How I use this I/O card
I currently own one of these ‘joystick controller’ cards, previously I owned three (before selling some of my Mk.1 cockpit earlier this year).
The nice thing about this I/O card over the BBI-32 of which I also use now instead of using a handful of these cards is that is has connections for potentiometers, this is perfect for using in my centre pedestal as gives me some axis connections for my flaps and spoiler levers.
So I use this input card inside my centre pedestal of which I have connected my flaps and spoiler levers to it as well as use the other spare 32 button inputs for things like the engine master switches, engine selector rotary switch and ECAM CP switches, ECAM brightness knobs, parking brake switch and spoilers arm switch.
Basically this card takes care of all my main centre pedestal switches and encoders (less the RMP, Transponder, MCDU panels of which will be purchased at a later date and probably have their own dedicated I/O).
Why I use this I/O card
This was the first input card that I purchased when I started building a home cockpit a couple of years ago, many people seem to use these and are really easy to use as they are plug and play and appear as a standard joystick in Microsoft Windows.
The card is relatively expensive compared to the other input card that Leo has recently released (the BBI-32) of I have now started using when I when I just require the ability to control switches and encoders but it does have the support for a POV hat switch and also the axis potentiometers for my spoilers and flaps levers so that is the main reason(s) why I use one of these cards, if I had only had the need for switches and encoders I would have used a BBI-32 instead as they are cheaper (less than half the price) but as I needed to rely on the potentiometers I was more than happy to use this card.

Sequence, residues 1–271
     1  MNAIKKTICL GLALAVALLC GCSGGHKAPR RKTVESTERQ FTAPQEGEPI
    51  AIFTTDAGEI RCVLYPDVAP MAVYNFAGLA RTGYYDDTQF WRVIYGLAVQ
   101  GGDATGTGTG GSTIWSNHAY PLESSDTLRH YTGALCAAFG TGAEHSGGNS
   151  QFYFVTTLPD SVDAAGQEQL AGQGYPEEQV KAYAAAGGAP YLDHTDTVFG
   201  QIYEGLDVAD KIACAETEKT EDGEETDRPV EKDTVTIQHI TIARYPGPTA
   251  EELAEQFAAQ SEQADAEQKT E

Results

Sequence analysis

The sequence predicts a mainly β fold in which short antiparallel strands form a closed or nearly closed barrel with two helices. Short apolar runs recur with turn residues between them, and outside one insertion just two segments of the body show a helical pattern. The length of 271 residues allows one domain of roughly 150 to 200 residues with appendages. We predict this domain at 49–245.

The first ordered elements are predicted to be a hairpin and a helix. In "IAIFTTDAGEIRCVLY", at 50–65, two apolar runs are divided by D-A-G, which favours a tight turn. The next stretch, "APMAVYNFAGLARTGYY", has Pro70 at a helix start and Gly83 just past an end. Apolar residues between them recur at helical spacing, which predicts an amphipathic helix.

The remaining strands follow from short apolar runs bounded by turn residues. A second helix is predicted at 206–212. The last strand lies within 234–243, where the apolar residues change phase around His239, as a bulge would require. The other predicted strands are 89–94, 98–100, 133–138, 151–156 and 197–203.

Other people may also find that the solder-less connections are a huge plus point however I personally like soldering my wires to ensure they remain in place and make for a more permanent connection.
I/O card details
- Push-in terminals for all connections
- 32 truly independent digital inputs for buttons and switches
- Support for up to 16 rotary encoders
- 8 analog inputs with true 12-bit resolution and independent wiring
- 8-direction POV hat switch
- Compact outline of 123x52mm (4.85″x2.05″)
- Natively supported by Windows 7/Vista/XP/2000, Mac OS X and Linux
Where can you buy this from?
The BU0836X card can be purchased from Leo Bodnar’s site of whom personally designs, makes, sells and ships these cards from his workshop on the well known British racing circuit… Silverstone.
» Visit the Bu0836X product page for full details and to purchase.